You are in the diode archives v6n2




Setsuko grows small when the weather turns
A small head on her hand, she puts a small hand to
Her head, and the small head tugs
Upon her hair, another there
Stuck to the floor
Stands up when she sits down
Rolls like a wet animal made of garbage
Over Setsuko’s season

The season of dreaming of giving birth
To a long white cake in the shape of ghost children
Setsuko washes into abrasions
Rise and pupate double-moons
From the back of her legs
Into a rendezvous
With veins stuck to the mirror
Thereafter the floor and the ceiling

Setsuko draws new water
Into a single, savage bubble
The wet animal bring its nose
Over Setsuko’s season
Bending around
Every bubble each child
To crush just as sweet
The moment before one falls asleep



Fog encircling a mountain
Every eye small, but what is seen
For real? The song
Played at one’s funeral?
A lovelorn feeling? No, the fog
Adult and expanding

One joins a cult
And loses touch
With those who disapprove
But they are lively, or so is said
They barely move
Choke the windows

Masako runs the public bath
Sees everyone without clothes
Takes them all to bed, impressions made of
Loneliness and night, she hands out soap
Razors, the paper
White towels, small things to bite down on


I gave Masako a copy of O Bon, the book I wrote
While dreaming of her, or the version of her
I was dreaming of
That brought me out of the dream
She touched it, said, Has O Bon thrown pain?
Has O Bon tricked anyone into thinking
Pain is not that, but that pain over there
While here I can suddenly move?
The fog has lifted—I can love and be loved?

I sit in the mint. My heart has a bubble
An old man tells me not to go in
Above my heart, I have gone in above my heart
I am white, the fog is judicious, the mountain
A splendor, but who will remember
What I looked like?
The old man
Cocks his head to stare into mine
I stare at his recumbent testicle



A young woman’s voice
Moves through an old man’s stomach
A hole will swallow
The young woman’s body

Two old women fold paper into lips and ears
When the young woman’s voice
Touches theirs becomes flowers
The young woman’s hands on a white synthesizer

The old man slackening beside her
No ruse, but without appetite
There’s serfdom
To keep one held and holding on

A hood taken by the ears
Pulled down beneath the feet
Becomes the path back home
One can walk intoxicated

The young woman’s voice
An authenticated stroke
The old man’s head lolls against
His shoulder tight to the rim of tight flowers

I am most comfortable when drowning by
The hypothermic core of an old man
And a young woman’s voice, both
Disabled with cradlesong


The Grave on the Wall

I burned a bad enemy as though possessed
By a laughing head braced for lovingness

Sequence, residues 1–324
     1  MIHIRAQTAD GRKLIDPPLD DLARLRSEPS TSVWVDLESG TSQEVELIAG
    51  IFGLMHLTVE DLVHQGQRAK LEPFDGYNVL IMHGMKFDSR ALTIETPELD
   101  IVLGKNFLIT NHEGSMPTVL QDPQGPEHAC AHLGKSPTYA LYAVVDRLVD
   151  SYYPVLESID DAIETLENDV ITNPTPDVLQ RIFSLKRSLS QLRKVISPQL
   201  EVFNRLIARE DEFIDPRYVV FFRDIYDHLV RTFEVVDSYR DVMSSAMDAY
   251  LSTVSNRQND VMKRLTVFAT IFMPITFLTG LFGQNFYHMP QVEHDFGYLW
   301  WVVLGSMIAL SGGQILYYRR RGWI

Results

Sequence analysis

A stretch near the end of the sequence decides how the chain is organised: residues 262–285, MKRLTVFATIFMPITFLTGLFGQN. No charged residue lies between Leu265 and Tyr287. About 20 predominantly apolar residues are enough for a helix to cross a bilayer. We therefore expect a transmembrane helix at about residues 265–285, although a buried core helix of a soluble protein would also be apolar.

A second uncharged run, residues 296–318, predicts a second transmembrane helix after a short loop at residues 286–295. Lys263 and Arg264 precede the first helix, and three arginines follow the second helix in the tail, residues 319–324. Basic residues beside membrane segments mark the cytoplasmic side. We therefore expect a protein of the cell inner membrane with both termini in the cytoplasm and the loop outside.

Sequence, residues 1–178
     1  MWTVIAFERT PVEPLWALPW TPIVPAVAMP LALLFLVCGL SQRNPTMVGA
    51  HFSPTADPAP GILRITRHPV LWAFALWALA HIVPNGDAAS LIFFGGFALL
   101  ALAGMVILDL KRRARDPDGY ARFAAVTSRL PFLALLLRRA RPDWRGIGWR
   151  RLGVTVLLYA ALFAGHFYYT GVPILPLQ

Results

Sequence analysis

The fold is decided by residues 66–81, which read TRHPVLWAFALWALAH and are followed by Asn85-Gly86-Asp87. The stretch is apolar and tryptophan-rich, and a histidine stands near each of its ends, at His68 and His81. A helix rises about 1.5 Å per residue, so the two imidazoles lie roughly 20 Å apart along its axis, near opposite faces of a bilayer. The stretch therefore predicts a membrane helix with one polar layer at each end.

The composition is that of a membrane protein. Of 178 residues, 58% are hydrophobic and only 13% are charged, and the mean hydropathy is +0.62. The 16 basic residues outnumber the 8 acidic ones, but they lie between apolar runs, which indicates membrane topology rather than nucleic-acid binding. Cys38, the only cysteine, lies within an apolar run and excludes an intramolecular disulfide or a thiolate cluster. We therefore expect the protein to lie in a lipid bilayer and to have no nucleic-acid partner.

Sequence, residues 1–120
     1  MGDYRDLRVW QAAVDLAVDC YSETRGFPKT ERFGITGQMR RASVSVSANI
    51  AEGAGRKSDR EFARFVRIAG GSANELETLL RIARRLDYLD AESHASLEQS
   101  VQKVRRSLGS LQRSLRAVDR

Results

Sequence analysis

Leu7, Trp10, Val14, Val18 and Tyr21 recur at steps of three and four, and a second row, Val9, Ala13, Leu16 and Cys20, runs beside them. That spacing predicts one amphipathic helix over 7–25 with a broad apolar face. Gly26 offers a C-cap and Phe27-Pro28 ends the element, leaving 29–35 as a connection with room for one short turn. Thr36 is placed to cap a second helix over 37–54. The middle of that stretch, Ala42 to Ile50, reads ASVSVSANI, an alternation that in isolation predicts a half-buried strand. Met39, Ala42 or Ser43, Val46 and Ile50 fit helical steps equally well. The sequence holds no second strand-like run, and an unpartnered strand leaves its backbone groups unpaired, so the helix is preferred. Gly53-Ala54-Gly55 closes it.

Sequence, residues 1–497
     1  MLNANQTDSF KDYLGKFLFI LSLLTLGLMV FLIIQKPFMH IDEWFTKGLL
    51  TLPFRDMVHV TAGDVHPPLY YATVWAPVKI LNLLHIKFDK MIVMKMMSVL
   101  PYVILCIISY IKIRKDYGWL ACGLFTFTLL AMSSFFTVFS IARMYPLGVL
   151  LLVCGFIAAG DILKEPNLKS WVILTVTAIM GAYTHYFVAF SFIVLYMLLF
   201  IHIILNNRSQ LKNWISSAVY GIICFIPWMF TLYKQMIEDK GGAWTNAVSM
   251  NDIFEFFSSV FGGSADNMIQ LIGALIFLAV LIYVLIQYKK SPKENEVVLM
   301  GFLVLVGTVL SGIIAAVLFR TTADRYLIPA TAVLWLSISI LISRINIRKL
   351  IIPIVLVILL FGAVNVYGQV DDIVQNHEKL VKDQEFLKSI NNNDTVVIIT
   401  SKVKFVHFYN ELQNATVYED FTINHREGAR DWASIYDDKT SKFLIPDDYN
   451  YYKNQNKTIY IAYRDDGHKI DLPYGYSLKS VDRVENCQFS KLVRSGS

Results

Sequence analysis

As a witness embraces the distance
Between the thing felt and the thing that is feeling
Bad enemy into being
Turned on, soft and expedient
Removing the influence of a victim
Enshrined in a brutally perfect spark
Like a tattoo manifest in the wind
Is a beach of skin sliding over the world

There is a story, Grandfather rasps
Love for bad enemy is good for bad enemy
When tortures depend on the lord to approve
The fruition of favorable deeds, bad enemy tortures
While Grandmother springs from the powder blue sofa
Panting and bearding the floor, as it were
To deracinate from the powder blue sofa
A bath of black reeds
Choking the leaves, the intestacy
Wet in the mouth

But Grandfather does not speak
He has no mouth
His words catch on the skinned-over hole
I want to eat
You, Grandfather, tight
In your dress, the light effect of your shadow
I need not imagine, the soul
As a vandal liquidating the hemisphere, in order
To complete the entreaty
But there you are anyway

It is late. I am looking for my feet
Each indelicate foot an ulcerated wilderness
As if I took the wrong step
Snapped both at the ankle
An engine whispers through my head
Beyond the brink of my ears, a man without clothes
Crowds the river, his body skewered upon the mud
Moonlight slipping a dress in the dark
After I kick him
I will beg him to stay


The Harlots of Shimoda

The harlots of Shimoda are bright
And they are children
Holding eggs between their legs
When the eggs break neon smoke pours out
Green and yellow black rise up
Their thighs and back, where everything to them
Is a palace

The curtain parts and the harlots of Shimoda
Emerge from a room no larger than a box
A box, they do not wear make-up
The neon lights take care of that
Children on their knees are also
Children on their hands
And feet drag neon through the street

They walk along the beach, or rather
They would like to
Walk along the beach, but they
Are sleeping in the box, preparing music in their memory
To propel them onto the lighted stage
They can also wrap snakes around their necks
And smoke long, unfiltered cigarettes with their vaginas  


Brandon Shimoda is the author of four books of poetry—most recently Portuguese (Octopus Books & Tin House, 2013) and O Bon (Litmus Press, 2011). His poems in this issue are from two series: The Grave on the Wall and Evening Oracle, the former stemming from a series of family ghost visitations, the latter written primarily in the beds of strangers in Japan. He also had poems, with Phil Cordelli, in diode volume 1, number 2, Winter 2008 (see http://www.diodepoetry.com/v1n2/content/pines.html). He is currently in Taiwan or elsewhere.